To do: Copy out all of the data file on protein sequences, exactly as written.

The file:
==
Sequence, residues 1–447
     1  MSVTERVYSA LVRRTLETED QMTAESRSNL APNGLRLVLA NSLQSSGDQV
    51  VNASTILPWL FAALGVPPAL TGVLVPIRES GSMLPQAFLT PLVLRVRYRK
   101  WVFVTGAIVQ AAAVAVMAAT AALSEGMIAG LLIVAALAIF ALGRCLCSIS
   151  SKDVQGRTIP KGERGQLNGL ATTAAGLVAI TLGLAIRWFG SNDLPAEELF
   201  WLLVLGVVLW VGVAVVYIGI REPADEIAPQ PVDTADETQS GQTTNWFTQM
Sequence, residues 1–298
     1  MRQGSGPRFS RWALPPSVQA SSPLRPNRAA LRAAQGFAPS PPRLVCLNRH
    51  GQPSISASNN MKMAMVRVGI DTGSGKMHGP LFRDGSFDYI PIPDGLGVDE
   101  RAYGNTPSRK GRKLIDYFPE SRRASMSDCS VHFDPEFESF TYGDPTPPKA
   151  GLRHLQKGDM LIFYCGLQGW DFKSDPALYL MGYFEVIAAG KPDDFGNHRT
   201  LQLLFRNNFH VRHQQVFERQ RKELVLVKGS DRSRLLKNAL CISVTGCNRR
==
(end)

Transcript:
Sequence, residues 1–447
     1  MSVTERVYSA LVRRTLETED QMTAESRSNL APNGLRLVLA NSLQSSGDQV
    51  VNASTILPWL FAALGVPPAL TGVLVPIRES GSMLPQAFLT PLVLRVRYRK
   101  WVFVTGAIVQ AAAVAVMAAT AALSEGMIAG LLIVAALAIF ALGRCLCSIS
   151  SKDVQGRTIP KGERGQLNGL ATTAAGLVAI TLGLAIRWFG SNDLPAEELF
   201  WLLVLGVVLW VGVAVVYIGI REPADEIAPQ PVDTADETQS GQTTNWFTQM
Sequence, residues 1–298
     1  MRQGSGPRFS RWALPPSVQA SSPLRPNRAA LRAAQGFAPS PPRLVCLNRH
    51  GQPSISASNN MKMAMVRVGI DTGSGKMHGP LFRDGSFDYI PIPDGLGVDE
   101  RAYGNTPSRK GRKLIDYFPE SRRASMSDCS VHFDPEFESF TYGDPTPPKA
   151  GLRHLQKGDM LIFYCGLQGW DFKSDPALYL MGYFEVIAAG KPDDFGNHRT
   201  LQLLFRNNFH VRHQQVFERQ RKELVLVKGS DRSRLLKNAL CISVTGCNRR